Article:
Internet of Things tends to generate large volumes of data at a great velocity. Often times this data is collected from geographically distributed sources and aggregated at a central location for data scientists to perform their magic i.e. find patterns, trends and make predictions.
Let’s explore what the IoT Solution using Postgres-BDR has to offer for Data Analytics. Postgres-BDR is offered as an extension on top of PostgreSQL 10 and above. It is not a fork. Therefore, we get the power of complete set of analytic functions that PostgreSQL has to offer. In particular, I am going to play around with PostgreSQL's Window Functions here to analyze a sample of time series data from temperature sensors.
Let's take an example of IoT temperature sensor time series data spread over a (more…)
I've started to write about the tool (pglupgrade) that I developed to perform near-zero downtime automated upgrades of PostgreSQL clusters. In this post, I'll be talking about the tool and discuss its design details.
You can check the first part of the series here: Near-Zero Downtime Automated Upgrades of PostgreSQL Clusters in Cloud (Part I).
The tool is written in Ansible. I have prior experience of working with Ansible, and I currently work with it in 2ndQuadrant as well, which is why it was a comfortable option for me. That being said, you can implement the minimal downtime upgrade logic, which will be explained later in this post, with your favorite automation tool.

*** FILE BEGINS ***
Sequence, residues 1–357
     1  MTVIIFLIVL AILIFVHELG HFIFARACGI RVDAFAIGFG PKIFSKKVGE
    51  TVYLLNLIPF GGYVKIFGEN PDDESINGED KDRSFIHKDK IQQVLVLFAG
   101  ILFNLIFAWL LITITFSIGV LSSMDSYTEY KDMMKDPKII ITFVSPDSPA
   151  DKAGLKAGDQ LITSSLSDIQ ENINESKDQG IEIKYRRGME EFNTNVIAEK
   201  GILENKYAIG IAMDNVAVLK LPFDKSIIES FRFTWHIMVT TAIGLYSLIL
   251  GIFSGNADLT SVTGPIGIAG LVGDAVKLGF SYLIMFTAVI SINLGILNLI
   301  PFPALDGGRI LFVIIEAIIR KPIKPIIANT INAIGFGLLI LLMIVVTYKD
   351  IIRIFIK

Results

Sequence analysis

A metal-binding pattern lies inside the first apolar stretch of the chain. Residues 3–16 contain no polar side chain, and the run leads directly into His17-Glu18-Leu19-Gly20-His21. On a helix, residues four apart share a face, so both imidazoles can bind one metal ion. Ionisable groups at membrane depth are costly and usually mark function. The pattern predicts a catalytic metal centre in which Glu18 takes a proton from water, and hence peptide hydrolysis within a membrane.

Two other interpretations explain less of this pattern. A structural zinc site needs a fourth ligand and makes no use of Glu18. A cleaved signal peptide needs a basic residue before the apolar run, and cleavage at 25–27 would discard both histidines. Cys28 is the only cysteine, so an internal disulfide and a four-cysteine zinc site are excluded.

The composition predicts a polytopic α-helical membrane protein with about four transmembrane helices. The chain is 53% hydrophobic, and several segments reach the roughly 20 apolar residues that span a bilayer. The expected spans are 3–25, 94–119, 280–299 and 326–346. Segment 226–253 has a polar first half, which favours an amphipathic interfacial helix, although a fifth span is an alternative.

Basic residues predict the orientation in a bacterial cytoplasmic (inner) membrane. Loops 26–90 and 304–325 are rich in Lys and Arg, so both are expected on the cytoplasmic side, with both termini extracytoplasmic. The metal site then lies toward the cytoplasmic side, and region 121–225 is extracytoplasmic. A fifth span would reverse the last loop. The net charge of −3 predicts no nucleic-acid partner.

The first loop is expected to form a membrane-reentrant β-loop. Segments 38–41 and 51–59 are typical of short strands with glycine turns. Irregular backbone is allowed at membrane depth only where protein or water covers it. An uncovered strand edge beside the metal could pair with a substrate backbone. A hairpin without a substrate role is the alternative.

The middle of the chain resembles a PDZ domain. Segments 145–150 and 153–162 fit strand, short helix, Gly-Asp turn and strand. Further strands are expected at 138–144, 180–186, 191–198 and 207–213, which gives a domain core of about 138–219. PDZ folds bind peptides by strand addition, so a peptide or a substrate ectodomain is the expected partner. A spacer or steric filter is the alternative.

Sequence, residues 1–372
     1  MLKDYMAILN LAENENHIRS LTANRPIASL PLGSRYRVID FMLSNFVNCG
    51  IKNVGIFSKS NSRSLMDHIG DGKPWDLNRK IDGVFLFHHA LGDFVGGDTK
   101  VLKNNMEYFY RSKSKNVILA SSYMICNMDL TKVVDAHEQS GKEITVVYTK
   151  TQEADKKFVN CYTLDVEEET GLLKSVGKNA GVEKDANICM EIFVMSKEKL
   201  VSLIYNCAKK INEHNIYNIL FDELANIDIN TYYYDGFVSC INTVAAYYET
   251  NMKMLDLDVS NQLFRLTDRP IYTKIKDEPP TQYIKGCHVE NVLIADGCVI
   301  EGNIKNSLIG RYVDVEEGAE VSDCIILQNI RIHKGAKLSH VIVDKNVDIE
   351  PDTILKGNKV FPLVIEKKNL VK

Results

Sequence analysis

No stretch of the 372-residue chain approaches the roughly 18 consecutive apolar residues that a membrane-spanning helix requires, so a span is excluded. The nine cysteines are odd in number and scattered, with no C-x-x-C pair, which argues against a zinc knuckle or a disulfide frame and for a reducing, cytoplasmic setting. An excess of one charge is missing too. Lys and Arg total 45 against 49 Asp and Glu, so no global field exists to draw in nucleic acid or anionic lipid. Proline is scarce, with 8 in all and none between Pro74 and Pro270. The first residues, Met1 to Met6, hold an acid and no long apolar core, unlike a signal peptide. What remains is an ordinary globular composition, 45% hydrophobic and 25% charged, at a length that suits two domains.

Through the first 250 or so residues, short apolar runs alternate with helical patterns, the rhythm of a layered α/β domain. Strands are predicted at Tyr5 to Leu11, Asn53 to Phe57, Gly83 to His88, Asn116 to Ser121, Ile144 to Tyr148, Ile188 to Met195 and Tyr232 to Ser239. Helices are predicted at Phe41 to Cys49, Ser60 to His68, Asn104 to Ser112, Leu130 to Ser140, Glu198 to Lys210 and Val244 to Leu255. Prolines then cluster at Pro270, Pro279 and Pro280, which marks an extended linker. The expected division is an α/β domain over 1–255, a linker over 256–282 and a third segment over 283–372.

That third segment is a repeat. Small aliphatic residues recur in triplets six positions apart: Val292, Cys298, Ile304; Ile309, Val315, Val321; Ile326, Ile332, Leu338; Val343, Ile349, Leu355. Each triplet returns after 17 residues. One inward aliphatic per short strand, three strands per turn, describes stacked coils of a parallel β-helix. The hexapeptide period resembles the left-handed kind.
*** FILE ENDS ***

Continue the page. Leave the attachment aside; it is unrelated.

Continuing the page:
Further reading: Blog posts Ansible Loves PostgreSQL , PostgreSQL Planet in Ansible Galaxy and (more…)
Last week, I was at Nordic PGDay 2018 and I had quite a few conversations about the tool that I wrote, namely pglupgrade, to automate PostgreSQL major version upgrades in a replication cluster setup. I was quite happy that it has been heard and some other people in different communities giving talks at meetups and other conferences about near-zero downtime upgrades using logical replication. Given that there is a talk that I gave at PGDAY'17 Russia, PGConf.EU 2017 in Warsaw and lastly at FOSDEM PGDay 2018 in Brussels, I thought it is better to create a blog post to keep this presentation available to the folks who could not make it to any of the conferences aforementioned. If you would like to directly go the talk and skip reading this blog post here is your link: Near-Zero Downtime (more…)
The short answer … Hell Yeah!
The long answer lies in extensive improvements and the impressive new feature list that makes up this major release - which, by the way, changes the version scheme of PostgreSQL as well (more details on that here). This wiki page lists out, in detail, all the new features in PostgreSQL 10, but for the purpose of this blog, I will focus on some of the exciting features contributed by 2ndQuadrant. (more…)
PostgreSQL 10 offers an exciting new set of features in addition to making further improvements to many of the already existing features including Big Data, Replication and Scaling, Administration, SQL, XML and JSON, Security, Performance and a lot more.
If you are planning to try your hands at PostgreSQL 10 and wondering on how you can easily get it on your machine, 2ndQuadrant’s GUI installers 2UDA can help you with an easier installation of PostgreSQL 10 for Windows, OS X and Linux platforms.